The official visit to China by the Canadian Prime Minister Harper is taking place at an extraordinary historic moment. For the first time ever since the Industrial Revolution, all the three largest economies in the world are now in the Pacific Region, two of them are in Northeast Asia. All signs seem to indicate that China will surpass Japan, either this year or no later than 2010, as the second largest economy in the world.
The economic disparity between China and the United States is at its narrowest ever since the founding of New China in 1949, and the gap is closing rapidly. For the first time in memory, China, as a developing country with relatively low per capita income, has become the largest creditor nation to the United States, the only remaining superpower in the world.
Therefore, barring major natural or man-made disasters, China may surpass the United States as the largest economy in the world in a matter of a couple of decades, i.e. during the lifetime of most of us in the world today. In its most recent report, Goldman Sachs has pinpointed 2027 as the year of the shift.
The gravitational pull of the United States on Canada is most natural and powerful, and will remain so for decades or even centuries to come. At present, 78 percent of its export and 53 percent of its import are with the United States. But this is no reason for Canada to put all its eggs in one basket. When President Obama is calling himself the first Pacific President of the United States, when Americans are playing with the G2 concept, it is in Canada’s own fundamental national interest to diversify its trade relations and become as much a North American economy as a Pacific economy.
At present, Canada’s export to China is barely only one third of Australia’s export to China. For a country like Canada to run a huge trade deficit with China is simply ludicrous. Therefore, while the current visit to China by the Canadian Prime Minister is being warmly welcomed, the fact that Mr. Harper is the only head of government of any OECD country who has not visited China for almost four years in his office does explain the lack-luster performance of our bilateral relations.
When the bilateral political relations are not given their proper importance, the fundamental interests of the two peoples are being victimized. This is particularly sad considering the fact that Canada actually has all the reasons to have the best relations with China among all the OECD countries. After all, Dr. Norman Berthune, who gave his life for China’s just cause in the war of resistance against Japanese aggression, is a household name in China and has generated the rock-solid foundation for China and Canada to build their bilateral relations upon.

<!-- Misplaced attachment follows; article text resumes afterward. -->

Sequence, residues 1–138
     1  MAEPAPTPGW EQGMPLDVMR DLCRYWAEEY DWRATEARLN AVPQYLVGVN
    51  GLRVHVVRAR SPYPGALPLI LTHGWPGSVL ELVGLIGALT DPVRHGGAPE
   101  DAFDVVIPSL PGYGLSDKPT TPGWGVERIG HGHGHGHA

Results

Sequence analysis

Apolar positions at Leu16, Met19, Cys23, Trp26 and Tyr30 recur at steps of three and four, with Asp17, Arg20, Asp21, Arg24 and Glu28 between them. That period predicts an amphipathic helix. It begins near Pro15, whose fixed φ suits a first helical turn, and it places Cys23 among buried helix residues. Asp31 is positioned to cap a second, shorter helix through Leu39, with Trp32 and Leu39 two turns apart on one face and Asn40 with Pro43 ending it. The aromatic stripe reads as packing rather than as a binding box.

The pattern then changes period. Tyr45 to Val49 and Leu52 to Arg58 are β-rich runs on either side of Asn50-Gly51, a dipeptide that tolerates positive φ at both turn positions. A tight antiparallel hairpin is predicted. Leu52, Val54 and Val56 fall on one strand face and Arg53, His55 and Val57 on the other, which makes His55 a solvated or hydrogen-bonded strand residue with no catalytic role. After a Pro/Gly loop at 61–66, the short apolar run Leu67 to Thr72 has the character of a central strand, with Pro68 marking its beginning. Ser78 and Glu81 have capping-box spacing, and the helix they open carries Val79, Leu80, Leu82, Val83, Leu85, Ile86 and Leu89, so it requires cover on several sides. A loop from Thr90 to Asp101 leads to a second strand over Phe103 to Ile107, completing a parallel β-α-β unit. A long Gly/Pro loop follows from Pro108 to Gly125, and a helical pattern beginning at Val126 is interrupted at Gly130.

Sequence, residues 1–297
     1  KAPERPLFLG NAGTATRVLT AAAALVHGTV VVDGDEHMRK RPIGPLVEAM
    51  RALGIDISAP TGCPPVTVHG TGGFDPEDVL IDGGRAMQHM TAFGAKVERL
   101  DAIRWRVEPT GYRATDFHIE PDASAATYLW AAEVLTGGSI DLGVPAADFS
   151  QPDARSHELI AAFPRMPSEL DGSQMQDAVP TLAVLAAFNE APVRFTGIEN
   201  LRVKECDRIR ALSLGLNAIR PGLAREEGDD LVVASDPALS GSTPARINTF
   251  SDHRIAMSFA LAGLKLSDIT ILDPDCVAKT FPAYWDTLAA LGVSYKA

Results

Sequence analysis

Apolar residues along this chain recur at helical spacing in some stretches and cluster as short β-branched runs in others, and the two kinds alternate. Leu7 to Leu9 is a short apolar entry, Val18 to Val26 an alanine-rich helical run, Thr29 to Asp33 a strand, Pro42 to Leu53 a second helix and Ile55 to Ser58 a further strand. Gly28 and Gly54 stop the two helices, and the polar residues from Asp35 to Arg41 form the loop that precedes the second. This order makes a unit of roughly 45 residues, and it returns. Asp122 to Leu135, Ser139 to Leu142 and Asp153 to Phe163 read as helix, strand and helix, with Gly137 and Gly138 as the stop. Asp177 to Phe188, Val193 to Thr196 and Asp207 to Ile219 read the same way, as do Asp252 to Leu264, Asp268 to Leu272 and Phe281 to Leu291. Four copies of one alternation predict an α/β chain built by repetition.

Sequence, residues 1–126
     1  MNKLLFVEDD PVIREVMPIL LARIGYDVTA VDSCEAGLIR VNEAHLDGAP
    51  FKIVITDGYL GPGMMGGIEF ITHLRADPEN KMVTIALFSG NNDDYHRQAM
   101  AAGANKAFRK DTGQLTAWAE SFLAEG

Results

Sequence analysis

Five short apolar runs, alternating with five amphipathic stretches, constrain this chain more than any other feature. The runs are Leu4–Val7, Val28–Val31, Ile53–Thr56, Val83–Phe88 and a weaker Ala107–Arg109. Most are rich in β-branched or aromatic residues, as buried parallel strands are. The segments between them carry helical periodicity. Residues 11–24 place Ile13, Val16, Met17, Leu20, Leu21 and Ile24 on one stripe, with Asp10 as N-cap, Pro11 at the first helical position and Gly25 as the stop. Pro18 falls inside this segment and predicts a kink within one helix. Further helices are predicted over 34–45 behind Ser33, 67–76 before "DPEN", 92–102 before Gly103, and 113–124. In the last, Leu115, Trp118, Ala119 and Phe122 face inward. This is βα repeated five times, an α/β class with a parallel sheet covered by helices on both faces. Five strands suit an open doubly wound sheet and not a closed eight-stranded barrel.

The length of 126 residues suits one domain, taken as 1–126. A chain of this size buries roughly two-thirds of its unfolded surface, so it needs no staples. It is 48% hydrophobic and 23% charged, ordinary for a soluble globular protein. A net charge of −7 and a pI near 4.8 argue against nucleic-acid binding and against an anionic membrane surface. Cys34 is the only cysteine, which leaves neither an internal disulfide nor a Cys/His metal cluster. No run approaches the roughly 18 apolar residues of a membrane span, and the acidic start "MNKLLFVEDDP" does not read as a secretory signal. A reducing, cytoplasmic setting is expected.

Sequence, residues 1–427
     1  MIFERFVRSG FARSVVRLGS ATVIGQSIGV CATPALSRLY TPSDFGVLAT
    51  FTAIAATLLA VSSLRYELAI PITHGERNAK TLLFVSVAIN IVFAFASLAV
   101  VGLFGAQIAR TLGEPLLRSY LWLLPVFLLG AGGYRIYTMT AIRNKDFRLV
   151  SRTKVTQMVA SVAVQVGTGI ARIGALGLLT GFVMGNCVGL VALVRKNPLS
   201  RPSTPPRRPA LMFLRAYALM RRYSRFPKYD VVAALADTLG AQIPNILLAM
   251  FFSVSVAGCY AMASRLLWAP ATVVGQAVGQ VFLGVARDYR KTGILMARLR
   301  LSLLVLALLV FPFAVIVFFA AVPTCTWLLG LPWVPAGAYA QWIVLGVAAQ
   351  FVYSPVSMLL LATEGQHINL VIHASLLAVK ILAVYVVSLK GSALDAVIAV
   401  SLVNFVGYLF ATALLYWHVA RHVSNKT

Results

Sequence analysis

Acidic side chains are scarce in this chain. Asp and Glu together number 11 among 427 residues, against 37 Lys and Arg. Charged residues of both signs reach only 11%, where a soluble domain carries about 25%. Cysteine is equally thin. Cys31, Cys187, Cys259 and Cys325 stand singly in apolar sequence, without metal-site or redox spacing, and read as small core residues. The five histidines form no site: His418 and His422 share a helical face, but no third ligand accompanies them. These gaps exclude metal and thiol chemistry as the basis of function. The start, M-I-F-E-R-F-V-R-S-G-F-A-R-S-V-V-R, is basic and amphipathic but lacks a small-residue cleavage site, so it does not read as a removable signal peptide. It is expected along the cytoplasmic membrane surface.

Given their very different background and national circumstances, China and Canada will always have differences, but they should have enough vision and courage to refuse to let these differences hijack the bilateral relations.
If one’s judgment is not distorted by bias or misperception, it is natural to conclude that China can easily become Canada’s second largest trade partner and one of the most important investors in Canada, and Canada’s export to China may double, triple or even quadruple in the years to come, thus helping create hundreds of thousands of jobs in Canada.
The growth of China-Canada relations will not only generate new growth in Canada, but also will make the overall Canadian economic growth more balanced and more resilient.
China and Canada have no reasons to dismiss or marginalize each other, and have all the reasons to envision the prospect of a Chinada, with China becoming Canada’s second most important trade partner and investor, next only to the United States.
Furthermore, Chinada does not need to grow their relations at the expense of the United States. On the contrary, Canada can play a very important mediating or facilitating role between China and the United States. Canada may have all the reasons to request an observer’s seat at the biannual Strategic and Economic Dialogue between China and the United States.
In terms of friendly relations, Canada has all the reasons to be more friendly to China than the United States. In terms of animosities, if any, Canada has no reason to have more animosities against China than the United States. Rather than becoming an extreme outlier in terms of relations with China, Canada can not only benefit itself but all the other stakeholders by becoming a bridge and special channel of communications between China on the one hand, and the United States and other OECD countries on the other hand.
As far as the G2 concept is concerned, Chinese Premier Wen Jiabao officially spurned the idea during his recent meeting with President Obama in Beijing, calling the concept too exclusive.
China may well prefer the GW concept, i.e. the Group of the World, in order to be as inclusive as possible. After all, China is rarely tired of seeking as many friends as possible in the world.
The United States and China will be the two largest economies in the world for many years and decades to come. Canada has all the reasons to position itself in between China and the United States and benefit from being a bridge rather than a barrier between the two largest economies in the world.
As a matter of fact, a better Chinada will help bring about a better Chinadarica, i.e. better relations among China, Canada and America. This will be a win-win-win situation for all these three countries.
The author is a director of China National Association of International Studies, a director of the Center for China and Globalization, and an executive director of Beijing Private Equity Association and chairman of the International Committee of BPEA.